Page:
A Fuzzy 2018 Wish:

2018

I wanted to write a good post for the New Year (2018). I have been thinking about a good “New Year’s” subject to write about for a while now. It is not easy to find topics to write about, and even if I find good topics, it has to pass my threshold level. As I was meditating on this, I came to think about procrastination and ambiguity. With these thoughts, I came to the topic for the post today. My post today is about the importance of “fuzzy concepts”. I am using the term fuzzy concept in a loose sense and will not go into depth or specifics.

We like to think in boxes or categories. It makes it easy for us to make inferences and aids in decision-making. “She is tall” or “He is short”; “this is hard” or “this is easy”. This is a reductionist approach and from a logic standpoint, this type of thinking is called “Boolean logic” and is based on a dichotomy of true or false (0 or 1). Something is either “X” or “not X”. This type of thinking has its merits sometimes.

In contrast, Fuzzy logic helps us in seeing the “in-between”. The fuzzy logic approach utilizes a spectrum viewpoint. It starts as 0 at one end and slowly increases bit by bit all the way to 1. We can express any point between 0 and 1 as a decimal value.

spectrum

In the picture above, the left most point is white (0), and as we go towards right it changes the color to black (1.0) at the extreme right. Any point in between is neither white nor black. It is just in-between and we can identify the gradient as a value between 0 and 1.

In this vein, if I am to get myself to write a post for the New Year, I could be either prepared and ready OR not prepared and ready. I could wait for a long time for the inspiration to strike or to have an epiphany that would add value to the post. From a Boolean standpoint, this is black and white thinking. I have to wait until I am fully ready (1) to write the post. If I am not ready (0), I should not write the post.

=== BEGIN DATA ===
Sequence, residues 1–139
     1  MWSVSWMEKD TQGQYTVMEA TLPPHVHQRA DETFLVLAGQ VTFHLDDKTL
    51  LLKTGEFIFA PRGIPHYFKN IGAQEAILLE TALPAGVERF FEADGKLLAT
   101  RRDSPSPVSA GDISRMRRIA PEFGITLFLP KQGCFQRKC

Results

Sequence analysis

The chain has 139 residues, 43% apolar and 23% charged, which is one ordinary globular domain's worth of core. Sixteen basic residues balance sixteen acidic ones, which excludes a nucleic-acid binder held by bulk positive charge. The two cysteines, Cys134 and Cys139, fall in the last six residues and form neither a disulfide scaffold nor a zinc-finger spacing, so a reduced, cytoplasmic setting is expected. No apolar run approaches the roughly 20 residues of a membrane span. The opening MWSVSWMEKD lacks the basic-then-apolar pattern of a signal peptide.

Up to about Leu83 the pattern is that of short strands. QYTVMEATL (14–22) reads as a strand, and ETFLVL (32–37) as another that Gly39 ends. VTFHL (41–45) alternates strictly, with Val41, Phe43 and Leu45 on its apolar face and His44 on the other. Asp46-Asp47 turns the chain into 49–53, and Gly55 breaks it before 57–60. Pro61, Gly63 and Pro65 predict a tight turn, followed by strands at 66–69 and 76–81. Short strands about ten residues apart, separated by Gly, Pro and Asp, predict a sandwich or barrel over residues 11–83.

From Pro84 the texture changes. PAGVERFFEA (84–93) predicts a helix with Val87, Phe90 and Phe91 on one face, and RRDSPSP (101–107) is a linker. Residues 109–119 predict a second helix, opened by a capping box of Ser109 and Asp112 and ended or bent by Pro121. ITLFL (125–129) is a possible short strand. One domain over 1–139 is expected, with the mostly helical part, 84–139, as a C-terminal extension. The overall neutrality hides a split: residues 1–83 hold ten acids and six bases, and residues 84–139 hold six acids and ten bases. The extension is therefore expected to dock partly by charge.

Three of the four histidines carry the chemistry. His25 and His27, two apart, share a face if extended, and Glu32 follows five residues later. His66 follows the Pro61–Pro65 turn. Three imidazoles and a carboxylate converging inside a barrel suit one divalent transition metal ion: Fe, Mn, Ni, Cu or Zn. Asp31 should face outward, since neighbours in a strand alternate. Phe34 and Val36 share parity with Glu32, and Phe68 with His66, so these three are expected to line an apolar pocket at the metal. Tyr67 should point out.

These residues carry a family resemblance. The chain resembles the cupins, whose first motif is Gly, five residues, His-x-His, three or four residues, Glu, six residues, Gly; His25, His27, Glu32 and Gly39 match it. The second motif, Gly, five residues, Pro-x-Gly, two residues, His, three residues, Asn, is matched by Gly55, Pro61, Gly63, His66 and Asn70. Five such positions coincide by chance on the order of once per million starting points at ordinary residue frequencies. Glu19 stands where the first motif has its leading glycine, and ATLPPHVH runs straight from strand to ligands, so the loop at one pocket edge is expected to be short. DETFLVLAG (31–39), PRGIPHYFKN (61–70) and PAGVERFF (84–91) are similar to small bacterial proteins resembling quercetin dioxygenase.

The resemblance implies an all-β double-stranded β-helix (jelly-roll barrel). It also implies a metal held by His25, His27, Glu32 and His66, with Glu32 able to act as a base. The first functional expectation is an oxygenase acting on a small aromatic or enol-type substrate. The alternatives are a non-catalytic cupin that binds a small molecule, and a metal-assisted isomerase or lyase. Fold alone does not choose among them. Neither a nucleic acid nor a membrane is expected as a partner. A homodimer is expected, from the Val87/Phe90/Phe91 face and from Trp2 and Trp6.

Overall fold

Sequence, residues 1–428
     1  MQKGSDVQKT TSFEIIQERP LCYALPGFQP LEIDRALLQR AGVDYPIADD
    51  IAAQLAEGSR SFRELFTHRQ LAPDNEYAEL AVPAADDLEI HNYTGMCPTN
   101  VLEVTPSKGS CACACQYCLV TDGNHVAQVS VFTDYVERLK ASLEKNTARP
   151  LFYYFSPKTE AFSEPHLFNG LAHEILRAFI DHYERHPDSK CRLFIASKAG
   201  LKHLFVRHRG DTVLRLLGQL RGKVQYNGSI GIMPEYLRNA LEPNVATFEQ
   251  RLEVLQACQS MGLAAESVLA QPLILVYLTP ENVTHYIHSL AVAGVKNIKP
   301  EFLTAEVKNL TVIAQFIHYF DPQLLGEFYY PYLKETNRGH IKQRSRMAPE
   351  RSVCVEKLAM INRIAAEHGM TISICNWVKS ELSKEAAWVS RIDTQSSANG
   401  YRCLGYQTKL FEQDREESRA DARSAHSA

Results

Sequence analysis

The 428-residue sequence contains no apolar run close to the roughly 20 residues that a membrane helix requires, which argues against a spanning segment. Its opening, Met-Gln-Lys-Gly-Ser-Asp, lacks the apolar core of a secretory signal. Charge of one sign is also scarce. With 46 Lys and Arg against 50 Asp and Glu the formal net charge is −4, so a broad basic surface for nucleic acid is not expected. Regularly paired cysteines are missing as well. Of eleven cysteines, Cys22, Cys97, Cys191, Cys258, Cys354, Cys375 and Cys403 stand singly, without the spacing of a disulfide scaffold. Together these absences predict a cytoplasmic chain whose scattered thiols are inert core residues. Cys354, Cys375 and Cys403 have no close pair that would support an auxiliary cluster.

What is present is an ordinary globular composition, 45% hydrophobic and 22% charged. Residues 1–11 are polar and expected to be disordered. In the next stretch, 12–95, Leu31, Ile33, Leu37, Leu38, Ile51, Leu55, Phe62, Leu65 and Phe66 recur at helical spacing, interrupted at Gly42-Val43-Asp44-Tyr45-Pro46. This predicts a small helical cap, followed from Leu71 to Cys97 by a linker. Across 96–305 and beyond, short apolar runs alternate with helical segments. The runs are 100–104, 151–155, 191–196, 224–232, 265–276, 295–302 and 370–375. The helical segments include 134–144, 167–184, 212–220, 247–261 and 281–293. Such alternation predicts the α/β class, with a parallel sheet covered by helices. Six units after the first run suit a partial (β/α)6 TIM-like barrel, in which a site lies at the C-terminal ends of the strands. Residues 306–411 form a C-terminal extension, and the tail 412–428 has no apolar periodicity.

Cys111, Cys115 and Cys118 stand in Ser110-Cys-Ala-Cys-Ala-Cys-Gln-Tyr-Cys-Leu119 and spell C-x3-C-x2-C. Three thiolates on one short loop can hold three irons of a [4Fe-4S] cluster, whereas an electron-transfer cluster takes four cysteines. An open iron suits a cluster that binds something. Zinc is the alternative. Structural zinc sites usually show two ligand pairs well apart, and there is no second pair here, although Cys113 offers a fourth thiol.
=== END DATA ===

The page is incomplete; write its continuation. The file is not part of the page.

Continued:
The fuzzy thinking is not recent. In fact, there is an old Greek paradox called Sorites paradox, which is attributed to Megarian logician Eubulides of Miletus. The word “Sorites” is derived from the Greek word soros, which means “heap”. The paradox is as follows – if you have a heap of sand, and you take away a grain, would that heap still be a heap? What would happen if you keep taking grains away? At what point does it cease being a heap? We can express this in the Boolean logic as:  (1) = Heap, and (0) = No Heap. However, if we use the fuzzy logic, we could define what a full heap means and what “no heap” means. Anything in between can be defined as a “partial heap”. Fuzzy logic helps us to add a matter of degree to any statement.